2) Asad Shafiq: 4 consecutive boundaries against Tim Bresnan when he was coming into bat at a difficult time and stage on his 2nd ODI , half century in his 3rd ODI, half century on test debut against a top class attack, half century in his 2nd test innings in alien conditions, half century on WC debut, a crucial 46 in a high pressure game against Australia in a low scoring winning cause- we have seen enough of this guy to know he can play and has a bright future ahead! Mohammad Yousuf himself has praised him as one of the finest technically correct young batsmen he has seen in a long time. A very elegant and classy young chap. One that is bound to go far. Nevertheless he has a weakness of playing down the wrong line outside his off stump where he been dismissed a few times too many. Plays the ball late, times the ball sweetly, strong of his legs & superb in the field.

3) Umar Akmal: What immediately comes to mind is amazing hand eye coordination, top notch foot work, quick bat speed, fantastic athleticism, brain farts, ill discipline and temperamental deficiencies, but he is an exceptionally gifted talent and when you say this for Umar Akmal you really mean it with both heart and mind. He is one of a rare kind. He is a dominating cricketer who operates with a fearless and aggressive mindset. He is an extremely efficient and cool headed ground fielder and catcher. He started his international career sensationally well with a century on test debut & one within his first few ODIs against Sri Lanka. He shone in the 2010 ICC T20 WC scoring 50s against South Africa & Australia. He followed it up by a spectacular 31 ball 64 in Edgbaston against Australia in the MCC Spirit of cricket series. He had a quite 2010/11 winter which found himself lose his test spot to Asad Shafiq before regaining his popularity and confidence with 2 MOM awards during the qualifying stages of the 2011 CWC in Sri Lanka. With his elder brother away from the international scene it should be interesting to see how Umar responds and acts in the future. He had a decent tour of the West Indies recently when newcomer Salman was behind the stumps. Maybe county cricket experience will come in handy for him. Bottom line, an adorable talent and one that you try to back to accomplish his potential.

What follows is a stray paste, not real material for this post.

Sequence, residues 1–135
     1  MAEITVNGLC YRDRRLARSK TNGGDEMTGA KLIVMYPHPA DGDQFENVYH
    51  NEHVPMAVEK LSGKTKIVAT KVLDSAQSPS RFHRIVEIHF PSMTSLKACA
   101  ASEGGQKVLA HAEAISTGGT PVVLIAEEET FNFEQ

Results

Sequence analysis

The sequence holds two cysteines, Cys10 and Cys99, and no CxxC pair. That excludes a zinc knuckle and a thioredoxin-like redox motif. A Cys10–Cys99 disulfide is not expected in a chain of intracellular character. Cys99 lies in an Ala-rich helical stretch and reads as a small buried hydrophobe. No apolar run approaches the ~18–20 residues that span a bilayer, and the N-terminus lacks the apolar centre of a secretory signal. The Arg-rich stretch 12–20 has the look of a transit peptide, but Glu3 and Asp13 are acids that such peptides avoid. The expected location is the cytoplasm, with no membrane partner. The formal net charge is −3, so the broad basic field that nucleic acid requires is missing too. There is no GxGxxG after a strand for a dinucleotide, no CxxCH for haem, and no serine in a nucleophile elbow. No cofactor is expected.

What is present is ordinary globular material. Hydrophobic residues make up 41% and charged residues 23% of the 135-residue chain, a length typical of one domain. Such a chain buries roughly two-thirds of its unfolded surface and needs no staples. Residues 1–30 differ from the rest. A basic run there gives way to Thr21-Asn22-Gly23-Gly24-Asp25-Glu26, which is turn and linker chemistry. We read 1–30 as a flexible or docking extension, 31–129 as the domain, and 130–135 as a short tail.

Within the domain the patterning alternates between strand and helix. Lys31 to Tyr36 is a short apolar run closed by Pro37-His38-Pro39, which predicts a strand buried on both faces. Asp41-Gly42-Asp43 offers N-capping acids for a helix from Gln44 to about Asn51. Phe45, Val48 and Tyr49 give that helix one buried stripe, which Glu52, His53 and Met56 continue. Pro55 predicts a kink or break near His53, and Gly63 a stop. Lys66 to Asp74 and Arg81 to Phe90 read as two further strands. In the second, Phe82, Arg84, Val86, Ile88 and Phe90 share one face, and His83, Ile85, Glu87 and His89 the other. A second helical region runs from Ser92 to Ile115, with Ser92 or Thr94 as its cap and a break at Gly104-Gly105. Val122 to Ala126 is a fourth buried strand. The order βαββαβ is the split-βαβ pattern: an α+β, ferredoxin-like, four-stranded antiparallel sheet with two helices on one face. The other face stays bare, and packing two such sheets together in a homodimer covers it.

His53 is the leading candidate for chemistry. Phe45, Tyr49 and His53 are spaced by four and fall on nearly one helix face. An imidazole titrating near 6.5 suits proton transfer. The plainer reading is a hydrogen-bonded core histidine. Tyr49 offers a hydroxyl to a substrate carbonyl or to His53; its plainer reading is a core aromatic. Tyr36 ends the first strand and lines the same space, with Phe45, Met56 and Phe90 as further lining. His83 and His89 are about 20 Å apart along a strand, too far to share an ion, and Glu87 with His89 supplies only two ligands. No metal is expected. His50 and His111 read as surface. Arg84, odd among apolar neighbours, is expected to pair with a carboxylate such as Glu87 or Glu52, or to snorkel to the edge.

4) Zain Abbas: Uncapped player. In his teens. Multan based lad. Left handed opening batsmen and therefore unsurprisingly with the role model of Saeed Anwar. Has had an outstanding start to his domestic career where he completely caught the eye and took everyone by storm with his consistent performances in both the longer and shorter versions of the game.

5) Babar Azam: Uncapped player. In his teens. Cousin of the Akmals. Inspired by AB from South Africa. Represented Pakistan at the U19 WC in New Zealand at the age of just 15 where they reached the final. He scored a century in Pakisan’s opening match of the tournament against the West Indies. Has a good cover drive. He is serious and passionate about his cricket. Occasional off break bowler to go along with a safe pair of hands in the field. Definitely one for the future.

6) Ahmed Shehzad: 2 centuries at the age of 19 and a T20 international half century against New Zealand which came in Pakistan’s highest ever run margin victory last December. Has brilliant hand eye coordination, reasonably good foot work & makes full use of a strong bottom hand to generate power in his strokes. He is stylish & naturally aggressive. An excellent outfielder too. A confident and slightly cocky character. There is no shortage of ability for sure. He has recently been dropped from the tour of Zimbabwe on disciplinary grounds.

7) Azeem Ghumman: Skipper of the 2010 U19 WC team. A cricketer from the Hyderabad region with the role model of the legendary Sachin Tendulkar. Has captained Hyderabad in domestic competitions. A batsmen who is bound to play for Pakistan at some stage. He possesses a healthy FC average. He is a strong cutter and puller & extremely ambitious which always helps the cause. Technically and temperamentally pretty sound. Relies on timing and placement. Short chap in stature. Communicates well in English.